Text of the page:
Tuesday, 17 November 2009

The Cook the Thief His Wife and Her Lover

We watched the film The Cook the Thief His Wife and Her Lover today.
I thought the film was good although I probably wouldn't watch it again.

I noticed that bold colours were used in this film. Red was used predominantly in the eating area, green in the kitchen and white in the toile
ts. I also noticed that the colours of the wife's dresses change colour corresponding to the room that she's in. The lighting looked very much like what you would see on stage, very saturated. The coloured lighting set the mood of the scenery to an extreme which made it very theatrical. The other main thing that made it very theatrical was how the film was divided up into days like a series of scenes with the curtain closing at the end of the film.

Green in the Kitchen


  1. Hi Ethan ! So how did the film actually make you feel...what did you think of the character portrayal?

  2. ... about the perception essay; as I haven't been involved, I can't necessarily appease all your (and others) confusion. However, I do have some very basic advice for you;

    Go back to the brief: below the essay question itself you will find the 'assessment criteria' - unfortunately, I couldn't get hold of an actual copy of the brief - otherwise I would copy/paste the exact requirements, but my point is simply this; use the 'assessment criteria' as cited in the brief to guide and formulate your response.

    So, if memory serves, the first criteria asks you to demonstrate a basic knowledge of the principles of perception; therefore, to begin your essay, you should reflect your understanding of the key ideas as covered in the lecture series - Gestalt theory, semiotics etc - a general statement regarding how our relationship to the world and meanings has been discussed in theoretical terms.

    The next criteria is all about APPLYING that understanding; so, what I therefore suggest is, out of the various theories/principles, you select one/some to develop further and apply them to something; if you were to select semiotics, before you could apply it, you would first have to demonstrate your knowledge of the subject itself - whose idea was it, where did it come from, and what does it 'do' - then, once you've defined Semiotics, apply it - my advice would be to apply it to something 'simple' first - because when you apply it to something simple, what is 'complex' about how our perceptions of it are formed is made very obvious; the example I've used is the traffic light - green = go/ red = stop. Of course, red and green don't equal anything - their significance is entirely cultural and created. Then, once you've applied it to something simple, you are in a position to move onto something more complex.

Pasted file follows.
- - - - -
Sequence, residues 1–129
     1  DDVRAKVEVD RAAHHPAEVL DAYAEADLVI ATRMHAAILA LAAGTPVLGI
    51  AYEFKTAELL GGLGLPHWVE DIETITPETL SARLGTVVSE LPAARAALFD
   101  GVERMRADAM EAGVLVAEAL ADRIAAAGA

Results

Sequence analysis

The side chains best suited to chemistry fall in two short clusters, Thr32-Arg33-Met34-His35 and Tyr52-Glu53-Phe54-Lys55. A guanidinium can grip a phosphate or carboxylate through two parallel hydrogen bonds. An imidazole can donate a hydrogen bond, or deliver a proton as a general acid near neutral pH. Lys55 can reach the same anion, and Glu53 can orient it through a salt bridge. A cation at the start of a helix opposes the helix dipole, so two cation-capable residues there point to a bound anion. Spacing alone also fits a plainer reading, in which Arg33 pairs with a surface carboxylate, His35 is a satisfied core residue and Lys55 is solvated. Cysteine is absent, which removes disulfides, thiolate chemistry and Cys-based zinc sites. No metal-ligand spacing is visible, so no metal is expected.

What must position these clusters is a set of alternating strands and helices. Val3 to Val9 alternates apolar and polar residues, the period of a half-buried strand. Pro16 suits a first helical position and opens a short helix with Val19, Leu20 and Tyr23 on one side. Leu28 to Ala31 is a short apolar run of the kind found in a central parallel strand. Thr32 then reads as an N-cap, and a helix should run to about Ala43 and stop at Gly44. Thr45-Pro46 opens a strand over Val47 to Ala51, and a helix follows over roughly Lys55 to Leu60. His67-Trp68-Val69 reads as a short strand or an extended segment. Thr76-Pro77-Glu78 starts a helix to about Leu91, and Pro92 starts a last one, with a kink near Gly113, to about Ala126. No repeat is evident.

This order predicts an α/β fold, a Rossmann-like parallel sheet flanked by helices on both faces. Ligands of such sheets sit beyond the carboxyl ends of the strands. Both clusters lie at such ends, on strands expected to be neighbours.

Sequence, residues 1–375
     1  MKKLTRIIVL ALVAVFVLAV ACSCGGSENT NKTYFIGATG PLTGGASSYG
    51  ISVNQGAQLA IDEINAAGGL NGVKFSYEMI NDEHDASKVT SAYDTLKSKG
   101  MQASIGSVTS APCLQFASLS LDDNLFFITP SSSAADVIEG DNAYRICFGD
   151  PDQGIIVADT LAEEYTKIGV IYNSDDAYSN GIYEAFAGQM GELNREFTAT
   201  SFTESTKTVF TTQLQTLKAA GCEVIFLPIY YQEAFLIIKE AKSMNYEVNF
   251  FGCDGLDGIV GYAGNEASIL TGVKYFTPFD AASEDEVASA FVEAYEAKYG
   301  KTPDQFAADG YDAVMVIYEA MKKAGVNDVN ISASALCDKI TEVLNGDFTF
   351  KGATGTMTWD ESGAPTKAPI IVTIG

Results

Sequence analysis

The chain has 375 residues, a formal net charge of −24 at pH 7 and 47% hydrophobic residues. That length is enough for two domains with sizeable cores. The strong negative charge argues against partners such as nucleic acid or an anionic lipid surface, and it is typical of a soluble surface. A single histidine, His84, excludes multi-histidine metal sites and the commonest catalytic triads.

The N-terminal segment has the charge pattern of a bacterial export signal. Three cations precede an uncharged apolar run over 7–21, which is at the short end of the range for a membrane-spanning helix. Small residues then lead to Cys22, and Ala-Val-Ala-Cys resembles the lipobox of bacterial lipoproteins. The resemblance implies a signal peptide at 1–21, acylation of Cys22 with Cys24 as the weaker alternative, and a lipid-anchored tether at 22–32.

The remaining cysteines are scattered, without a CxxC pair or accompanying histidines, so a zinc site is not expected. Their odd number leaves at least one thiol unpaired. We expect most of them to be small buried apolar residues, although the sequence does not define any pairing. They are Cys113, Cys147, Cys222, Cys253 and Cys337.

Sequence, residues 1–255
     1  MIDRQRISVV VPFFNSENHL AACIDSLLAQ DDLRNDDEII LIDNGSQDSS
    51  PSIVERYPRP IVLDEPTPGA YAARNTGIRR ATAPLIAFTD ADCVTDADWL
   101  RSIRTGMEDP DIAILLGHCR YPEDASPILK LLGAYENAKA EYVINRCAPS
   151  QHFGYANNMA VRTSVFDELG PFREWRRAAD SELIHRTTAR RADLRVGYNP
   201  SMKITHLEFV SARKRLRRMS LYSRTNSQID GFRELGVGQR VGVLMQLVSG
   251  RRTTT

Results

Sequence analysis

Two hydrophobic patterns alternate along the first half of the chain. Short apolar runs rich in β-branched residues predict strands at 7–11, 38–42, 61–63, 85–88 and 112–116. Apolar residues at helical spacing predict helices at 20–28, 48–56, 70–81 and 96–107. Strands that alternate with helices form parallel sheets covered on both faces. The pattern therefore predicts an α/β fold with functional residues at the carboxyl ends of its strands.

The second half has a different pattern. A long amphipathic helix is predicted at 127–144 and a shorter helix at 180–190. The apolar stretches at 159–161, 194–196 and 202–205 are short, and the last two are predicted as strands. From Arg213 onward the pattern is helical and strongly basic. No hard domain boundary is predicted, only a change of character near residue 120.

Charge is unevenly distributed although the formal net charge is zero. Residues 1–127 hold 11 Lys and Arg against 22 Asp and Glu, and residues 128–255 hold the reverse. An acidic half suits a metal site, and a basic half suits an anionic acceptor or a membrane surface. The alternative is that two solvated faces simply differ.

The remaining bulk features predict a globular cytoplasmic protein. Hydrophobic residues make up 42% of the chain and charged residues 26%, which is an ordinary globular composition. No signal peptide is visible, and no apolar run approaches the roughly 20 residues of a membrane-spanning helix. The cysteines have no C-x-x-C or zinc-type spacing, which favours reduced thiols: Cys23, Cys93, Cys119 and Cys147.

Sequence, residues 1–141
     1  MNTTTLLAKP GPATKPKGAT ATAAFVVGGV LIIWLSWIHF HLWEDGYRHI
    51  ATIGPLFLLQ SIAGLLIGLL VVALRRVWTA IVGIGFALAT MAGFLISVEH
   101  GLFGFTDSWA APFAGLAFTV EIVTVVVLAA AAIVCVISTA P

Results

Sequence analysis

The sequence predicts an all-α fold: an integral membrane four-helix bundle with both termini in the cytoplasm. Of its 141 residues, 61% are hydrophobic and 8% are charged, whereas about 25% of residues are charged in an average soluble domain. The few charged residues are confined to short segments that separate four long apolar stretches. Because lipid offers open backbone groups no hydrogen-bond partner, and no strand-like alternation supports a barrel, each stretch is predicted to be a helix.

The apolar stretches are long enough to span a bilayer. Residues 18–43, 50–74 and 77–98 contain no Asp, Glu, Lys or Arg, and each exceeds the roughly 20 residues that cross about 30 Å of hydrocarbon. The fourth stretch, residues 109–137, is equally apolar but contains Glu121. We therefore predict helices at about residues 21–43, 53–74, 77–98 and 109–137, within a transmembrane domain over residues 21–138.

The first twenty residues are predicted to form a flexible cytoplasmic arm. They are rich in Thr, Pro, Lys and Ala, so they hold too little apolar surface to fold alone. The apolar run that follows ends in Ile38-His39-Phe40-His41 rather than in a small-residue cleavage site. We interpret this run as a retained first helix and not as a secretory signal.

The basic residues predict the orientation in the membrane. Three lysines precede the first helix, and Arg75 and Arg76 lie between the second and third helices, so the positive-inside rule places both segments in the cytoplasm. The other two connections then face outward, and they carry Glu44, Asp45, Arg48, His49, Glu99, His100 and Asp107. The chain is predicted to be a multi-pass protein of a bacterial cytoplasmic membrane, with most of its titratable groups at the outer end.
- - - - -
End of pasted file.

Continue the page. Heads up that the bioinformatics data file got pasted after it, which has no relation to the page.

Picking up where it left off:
The way to succeed in this essay is for you to define the limits of your own enquiry - don't let the whole weight of perceptual theory lead your essay, make the essay lead perceptual theory.

    The other assessment criteria is about 'academic style' in the writing of the essay itself, which is something we've all talked about before - that is, finding a formal 'voice' with which to express yourself and observing the Harvard Method for quotes and citations,

    I know what the essay question says (or doesn't say!), but basically you are being asked to use your knowledge of perceptual theory to 'unlock' an existing image, object or sign. If you're doing that, you're doing okay.

    Golden Rule - when in doubt, use the assessment criteria as your guide!